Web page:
reverse osmosisToday’s aquarist takes every precaution to keep their aquarium healthy and looking great.

After all, this hobby is a large investment in time, money and effort. One of the greatest factors, often overlooked, is water.

Clean, pure saltwater is the basis for everything in your aquarium. Whether you are battling hair algae or have experienced a string of mortalities, the problem can often be traced back to the water you are putting into the tank. Not only is it important to look at the quality of water used, but also the quantity and frequency of water changes as well.

Our tap water supply contains many different chemicals to make the water safe for human consumption. These same chemicals can, however, be deadly to your tank.

The worst of these toxins are chlorine and chloramines. These additives kill bacteria and other organisms in tap water, but even in low concentrations, will burn the gills of your fish.

It is therefore necessary to pre-treat water before it goes into our tanks.

For a fish-only system, a water conditioner will adequately neutralize chlorine.

For reef tanks, there are other chemicals in tap water that can harm invertebrates, like copper and heavy metals. For these systems, reverse osmosis (RO) filtration is strongly recommended.

Mixing Saltwater

Correctly mixing saltwater for a marine or reef aquarium is a vitally important—yet relatively easy—task.

First, find a container that can hold (at least) 5 to 10 percent of the volume of water used to fill your “display” tank. Old aquariums and clean garbage cans are popular among hobbyists, but you can choose whatever works best for your own “mixing tank.”

Next, fill the container with dechlorinated or reverse osmosis (RO) freshwater. It’s a good idea to aerate RO water for 12-24 hours before mixing in the salt. This will drive off excess CO2 which ensures a proper pH and buffering capacity in the synthetic seawater.

Add synthetic salt, being careful to follow the manufacturer’s instructions so you can match the salinity of your mixing tank water to your aquarium water. Ideally, salinity should be 27 to 35 parts per thousand (ppt), or 1.020 to 1.026 specific gravity. Use a refractometer to measure salinity and adjust your level accordingly.

Freshly prepared synthetic seawater is very caustic (capable of burning or corroding), so it will need some time to “cure” before it can be used in your aquarium.

Allow the newly mixed seawater to sit in your container for a minimum of 24 hours before use. During that time, place an airstone or powerhead in the water to circulate and aerate the mixture. Lastly, drop in a heater to match the water temperature to that of your display tank.

The Water Change

There continues to be much debate regarding how much water to change and how frequently to change it.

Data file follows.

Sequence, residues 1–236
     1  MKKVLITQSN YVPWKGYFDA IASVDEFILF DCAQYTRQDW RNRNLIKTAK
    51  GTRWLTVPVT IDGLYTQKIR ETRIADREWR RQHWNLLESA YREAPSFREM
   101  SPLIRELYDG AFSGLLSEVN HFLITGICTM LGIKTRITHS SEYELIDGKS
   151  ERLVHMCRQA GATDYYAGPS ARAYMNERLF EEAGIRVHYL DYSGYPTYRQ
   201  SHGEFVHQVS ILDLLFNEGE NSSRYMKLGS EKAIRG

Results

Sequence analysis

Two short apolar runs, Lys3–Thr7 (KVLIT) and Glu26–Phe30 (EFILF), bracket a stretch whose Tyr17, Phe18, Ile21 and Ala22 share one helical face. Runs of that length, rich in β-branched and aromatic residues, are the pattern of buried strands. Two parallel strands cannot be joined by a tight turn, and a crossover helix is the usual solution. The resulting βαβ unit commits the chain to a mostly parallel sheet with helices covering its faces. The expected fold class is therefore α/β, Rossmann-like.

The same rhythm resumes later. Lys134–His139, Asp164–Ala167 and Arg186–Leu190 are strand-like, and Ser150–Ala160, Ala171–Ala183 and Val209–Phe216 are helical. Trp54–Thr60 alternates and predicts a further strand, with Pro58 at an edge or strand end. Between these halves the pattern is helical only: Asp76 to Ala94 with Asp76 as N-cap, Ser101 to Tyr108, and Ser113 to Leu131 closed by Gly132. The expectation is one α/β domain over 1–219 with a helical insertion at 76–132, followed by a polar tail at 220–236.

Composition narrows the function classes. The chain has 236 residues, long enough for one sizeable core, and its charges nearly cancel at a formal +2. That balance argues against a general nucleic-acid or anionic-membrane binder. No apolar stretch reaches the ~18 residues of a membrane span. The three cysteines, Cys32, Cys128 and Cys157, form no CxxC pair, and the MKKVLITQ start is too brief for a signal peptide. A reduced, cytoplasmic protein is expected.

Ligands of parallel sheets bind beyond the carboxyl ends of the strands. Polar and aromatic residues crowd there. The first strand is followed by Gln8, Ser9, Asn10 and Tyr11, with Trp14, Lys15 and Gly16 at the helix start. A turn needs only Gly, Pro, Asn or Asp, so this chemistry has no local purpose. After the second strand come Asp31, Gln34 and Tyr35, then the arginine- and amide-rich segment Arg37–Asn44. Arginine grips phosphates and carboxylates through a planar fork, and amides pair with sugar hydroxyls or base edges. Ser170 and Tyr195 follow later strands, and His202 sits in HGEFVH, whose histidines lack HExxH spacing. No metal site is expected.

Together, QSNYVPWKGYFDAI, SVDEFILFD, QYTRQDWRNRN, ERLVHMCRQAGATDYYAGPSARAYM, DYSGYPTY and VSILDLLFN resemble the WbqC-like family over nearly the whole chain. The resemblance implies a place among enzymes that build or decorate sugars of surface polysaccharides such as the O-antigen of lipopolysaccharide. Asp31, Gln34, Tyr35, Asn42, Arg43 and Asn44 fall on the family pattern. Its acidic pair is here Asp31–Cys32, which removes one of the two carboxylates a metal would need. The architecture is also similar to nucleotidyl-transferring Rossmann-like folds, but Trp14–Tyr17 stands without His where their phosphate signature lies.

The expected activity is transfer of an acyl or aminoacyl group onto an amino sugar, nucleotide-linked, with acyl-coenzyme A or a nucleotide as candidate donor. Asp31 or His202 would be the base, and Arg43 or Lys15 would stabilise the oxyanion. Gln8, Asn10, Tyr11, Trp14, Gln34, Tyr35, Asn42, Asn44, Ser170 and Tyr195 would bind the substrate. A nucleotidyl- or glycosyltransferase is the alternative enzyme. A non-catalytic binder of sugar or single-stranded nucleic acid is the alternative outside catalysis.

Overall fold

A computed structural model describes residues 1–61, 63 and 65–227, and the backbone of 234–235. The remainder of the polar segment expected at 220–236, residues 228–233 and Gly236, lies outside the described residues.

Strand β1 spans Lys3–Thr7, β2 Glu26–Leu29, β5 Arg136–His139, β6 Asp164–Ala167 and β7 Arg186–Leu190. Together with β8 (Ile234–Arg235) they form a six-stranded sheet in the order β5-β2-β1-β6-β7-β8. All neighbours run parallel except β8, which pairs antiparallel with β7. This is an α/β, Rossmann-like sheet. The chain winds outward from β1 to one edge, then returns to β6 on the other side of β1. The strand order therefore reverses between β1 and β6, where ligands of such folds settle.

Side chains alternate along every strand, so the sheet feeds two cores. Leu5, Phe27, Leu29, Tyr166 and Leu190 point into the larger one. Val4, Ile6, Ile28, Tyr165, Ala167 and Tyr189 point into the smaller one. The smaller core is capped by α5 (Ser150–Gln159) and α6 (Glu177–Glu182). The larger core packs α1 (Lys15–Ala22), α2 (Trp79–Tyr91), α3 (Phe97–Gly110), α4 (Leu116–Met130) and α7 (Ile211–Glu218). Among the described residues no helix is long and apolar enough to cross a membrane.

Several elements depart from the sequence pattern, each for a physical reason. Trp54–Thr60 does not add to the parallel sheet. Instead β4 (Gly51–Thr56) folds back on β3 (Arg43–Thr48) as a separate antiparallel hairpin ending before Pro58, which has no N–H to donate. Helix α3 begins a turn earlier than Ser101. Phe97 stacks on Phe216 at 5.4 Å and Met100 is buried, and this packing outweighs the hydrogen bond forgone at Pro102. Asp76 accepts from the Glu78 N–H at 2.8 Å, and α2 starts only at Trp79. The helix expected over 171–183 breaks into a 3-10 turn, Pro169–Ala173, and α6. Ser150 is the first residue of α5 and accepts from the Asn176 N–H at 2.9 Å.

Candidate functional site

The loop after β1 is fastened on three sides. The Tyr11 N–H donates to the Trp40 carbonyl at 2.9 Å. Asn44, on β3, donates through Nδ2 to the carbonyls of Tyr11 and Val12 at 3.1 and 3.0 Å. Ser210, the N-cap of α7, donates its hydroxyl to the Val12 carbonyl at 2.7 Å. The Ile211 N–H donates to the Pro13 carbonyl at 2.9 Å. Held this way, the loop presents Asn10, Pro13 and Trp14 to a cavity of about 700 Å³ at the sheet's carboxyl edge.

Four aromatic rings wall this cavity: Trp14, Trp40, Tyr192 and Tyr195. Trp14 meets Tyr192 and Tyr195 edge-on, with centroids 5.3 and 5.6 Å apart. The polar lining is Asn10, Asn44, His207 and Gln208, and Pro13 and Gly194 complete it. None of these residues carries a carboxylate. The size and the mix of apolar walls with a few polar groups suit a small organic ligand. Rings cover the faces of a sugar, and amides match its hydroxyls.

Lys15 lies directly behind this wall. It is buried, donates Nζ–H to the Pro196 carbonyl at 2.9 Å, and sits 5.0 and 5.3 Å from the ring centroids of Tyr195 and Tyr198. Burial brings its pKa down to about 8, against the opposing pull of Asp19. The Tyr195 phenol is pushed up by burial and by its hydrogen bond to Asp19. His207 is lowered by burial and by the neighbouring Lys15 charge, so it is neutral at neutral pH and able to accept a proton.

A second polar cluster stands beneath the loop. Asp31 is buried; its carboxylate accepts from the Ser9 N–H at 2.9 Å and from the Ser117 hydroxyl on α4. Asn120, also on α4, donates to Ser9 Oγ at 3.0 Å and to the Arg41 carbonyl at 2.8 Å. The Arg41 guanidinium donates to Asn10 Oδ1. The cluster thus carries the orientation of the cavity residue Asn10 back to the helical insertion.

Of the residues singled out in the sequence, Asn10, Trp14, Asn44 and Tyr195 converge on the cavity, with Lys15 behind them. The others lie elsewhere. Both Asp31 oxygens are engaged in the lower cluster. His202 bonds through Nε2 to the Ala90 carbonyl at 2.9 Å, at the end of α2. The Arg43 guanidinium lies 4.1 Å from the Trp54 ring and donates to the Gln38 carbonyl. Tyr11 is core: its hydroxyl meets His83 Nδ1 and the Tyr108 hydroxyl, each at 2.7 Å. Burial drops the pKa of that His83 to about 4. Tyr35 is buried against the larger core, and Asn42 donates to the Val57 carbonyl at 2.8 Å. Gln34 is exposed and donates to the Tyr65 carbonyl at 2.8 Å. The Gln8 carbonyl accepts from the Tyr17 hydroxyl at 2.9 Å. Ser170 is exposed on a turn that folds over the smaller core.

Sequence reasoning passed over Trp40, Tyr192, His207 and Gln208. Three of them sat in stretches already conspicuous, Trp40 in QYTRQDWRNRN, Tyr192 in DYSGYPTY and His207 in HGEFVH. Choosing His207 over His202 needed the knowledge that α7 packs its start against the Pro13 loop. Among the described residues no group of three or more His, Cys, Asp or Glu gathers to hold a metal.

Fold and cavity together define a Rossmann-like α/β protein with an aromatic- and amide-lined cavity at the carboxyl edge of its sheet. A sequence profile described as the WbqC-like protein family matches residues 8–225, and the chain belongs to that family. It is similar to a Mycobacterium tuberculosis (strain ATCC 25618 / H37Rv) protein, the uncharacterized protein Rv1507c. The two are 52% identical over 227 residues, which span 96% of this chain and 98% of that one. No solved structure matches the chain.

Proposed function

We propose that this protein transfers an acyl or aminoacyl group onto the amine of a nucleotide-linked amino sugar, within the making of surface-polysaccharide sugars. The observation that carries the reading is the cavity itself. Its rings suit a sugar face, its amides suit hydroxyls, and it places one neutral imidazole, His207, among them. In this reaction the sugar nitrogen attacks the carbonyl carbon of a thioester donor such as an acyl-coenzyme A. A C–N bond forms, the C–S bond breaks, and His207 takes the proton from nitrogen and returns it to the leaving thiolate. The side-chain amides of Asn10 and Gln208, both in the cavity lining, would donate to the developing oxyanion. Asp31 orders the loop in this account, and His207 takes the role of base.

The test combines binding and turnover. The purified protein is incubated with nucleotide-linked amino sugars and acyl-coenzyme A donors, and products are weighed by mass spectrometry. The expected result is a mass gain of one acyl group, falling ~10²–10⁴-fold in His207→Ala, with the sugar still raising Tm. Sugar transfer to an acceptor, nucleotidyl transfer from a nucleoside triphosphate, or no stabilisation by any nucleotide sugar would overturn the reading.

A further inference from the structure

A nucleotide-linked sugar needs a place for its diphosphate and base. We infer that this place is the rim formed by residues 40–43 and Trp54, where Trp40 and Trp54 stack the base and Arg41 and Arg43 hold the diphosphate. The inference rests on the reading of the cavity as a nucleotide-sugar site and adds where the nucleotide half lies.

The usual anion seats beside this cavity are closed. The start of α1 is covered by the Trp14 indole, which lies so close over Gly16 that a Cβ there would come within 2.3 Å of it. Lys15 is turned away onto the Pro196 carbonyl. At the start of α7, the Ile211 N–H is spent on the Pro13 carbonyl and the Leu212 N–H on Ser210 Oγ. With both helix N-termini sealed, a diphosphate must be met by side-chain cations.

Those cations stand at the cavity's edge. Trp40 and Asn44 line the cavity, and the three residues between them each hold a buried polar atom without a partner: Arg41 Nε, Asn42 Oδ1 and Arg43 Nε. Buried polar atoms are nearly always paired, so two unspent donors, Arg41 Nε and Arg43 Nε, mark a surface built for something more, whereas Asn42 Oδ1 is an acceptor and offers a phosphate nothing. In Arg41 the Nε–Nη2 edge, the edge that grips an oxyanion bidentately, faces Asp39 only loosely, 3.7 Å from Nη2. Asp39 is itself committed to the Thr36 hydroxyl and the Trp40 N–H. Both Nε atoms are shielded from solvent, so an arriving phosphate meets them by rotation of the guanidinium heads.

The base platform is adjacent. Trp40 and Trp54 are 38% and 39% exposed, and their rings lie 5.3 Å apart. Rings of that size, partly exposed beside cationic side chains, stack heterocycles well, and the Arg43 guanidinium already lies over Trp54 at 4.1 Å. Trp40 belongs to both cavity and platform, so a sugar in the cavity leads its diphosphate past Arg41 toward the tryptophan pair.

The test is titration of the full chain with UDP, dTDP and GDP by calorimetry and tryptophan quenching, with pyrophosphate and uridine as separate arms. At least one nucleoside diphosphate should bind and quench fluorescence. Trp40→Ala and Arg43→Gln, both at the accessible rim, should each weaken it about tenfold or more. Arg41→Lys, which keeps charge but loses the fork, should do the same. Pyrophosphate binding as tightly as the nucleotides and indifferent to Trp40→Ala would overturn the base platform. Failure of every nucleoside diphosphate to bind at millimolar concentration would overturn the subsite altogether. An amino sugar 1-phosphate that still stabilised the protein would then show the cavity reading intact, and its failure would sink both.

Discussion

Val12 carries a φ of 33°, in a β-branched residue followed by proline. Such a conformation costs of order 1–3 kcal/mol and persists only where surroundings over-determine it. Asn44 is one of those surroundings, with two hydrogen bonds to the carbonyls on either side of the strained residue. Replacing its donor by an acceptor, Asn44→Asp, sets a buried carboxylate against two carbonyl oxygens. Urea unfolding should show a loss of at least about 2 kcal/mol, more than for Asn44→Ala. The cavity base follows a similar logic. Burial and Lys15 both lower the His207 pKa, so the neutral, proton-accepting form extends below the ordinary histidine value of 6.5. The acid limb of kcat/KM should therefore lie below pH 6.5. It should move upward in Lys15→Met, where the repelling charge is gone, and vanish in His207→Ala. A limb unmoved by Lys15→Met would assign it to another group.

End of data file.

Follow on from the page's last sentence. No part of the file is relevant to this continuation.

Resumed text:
I have tried every scenario and have learned through experience that a small-to-moderate water change every 1-2 weeks works best.

I know several people who prefer to change 25-30% of the water once each month. By the end of the third week, however, this maintenance routine begins to show its shortcomings.

I prefer a water change of 5-10% of the total tank volume (including sump) every 1-2 weeks. This schedule doesn’t allow nitrates to build up or trace elements to deplete too far.

To begin the water change, turn off your lighting to reduce the stress level in the tank. You may have to turn off some pumps as well, so they don’t run dry.

Be sure to have the replacement water ready at least 24 hours in advance. The temperature and salinity of the replacement water should match what is currently in your display tank.

While siphoning out water, use a gravel vacuum to remove as much debris from the tank as possible. Don’t worry if some of your corals are exposed to air for a short time; in the wild, corals are often exposed to air during low tide.

Once the desired amount of water has been removed, begin adding in the new water. Alternatively, you may opt to have a powerhead replace the water as you siphon to limit the likelihood your corals come into contact with air.

The Importance of keeping saltwater on hand

Saltwater is an invaluable asset for marine and reef aquariums and is often over looked.

A hobbyist can spend countless hours and thousands of dollars (depending on how big the tank is) just to lose it all because he wasn’t prepared. That is why I’m a firm believer in keeping extra saltwater made at all times. In my years as an aquarist, in both public and private settings, I’ve seen countless scenarios where a reserve saltwater tank saved the day. From a tank full of octopus ink that needs an emergency water change to a complete tank failure that left $10K in corals high and dry, a backup saltwater tank is well worth the small cost and effort.

All it really takes is a container that holds at least 10% of your aquarium’s volume, a powerhead and a heater. Personally, I have two 55-gallon trash cans in my garage, one for saltwater and the other connected my RO unit and a float switch. This system makes mixing saltwater and performing water changes a breeze. Plus, I have plenty of water on stand by in case there is an emergency in any of my tanks.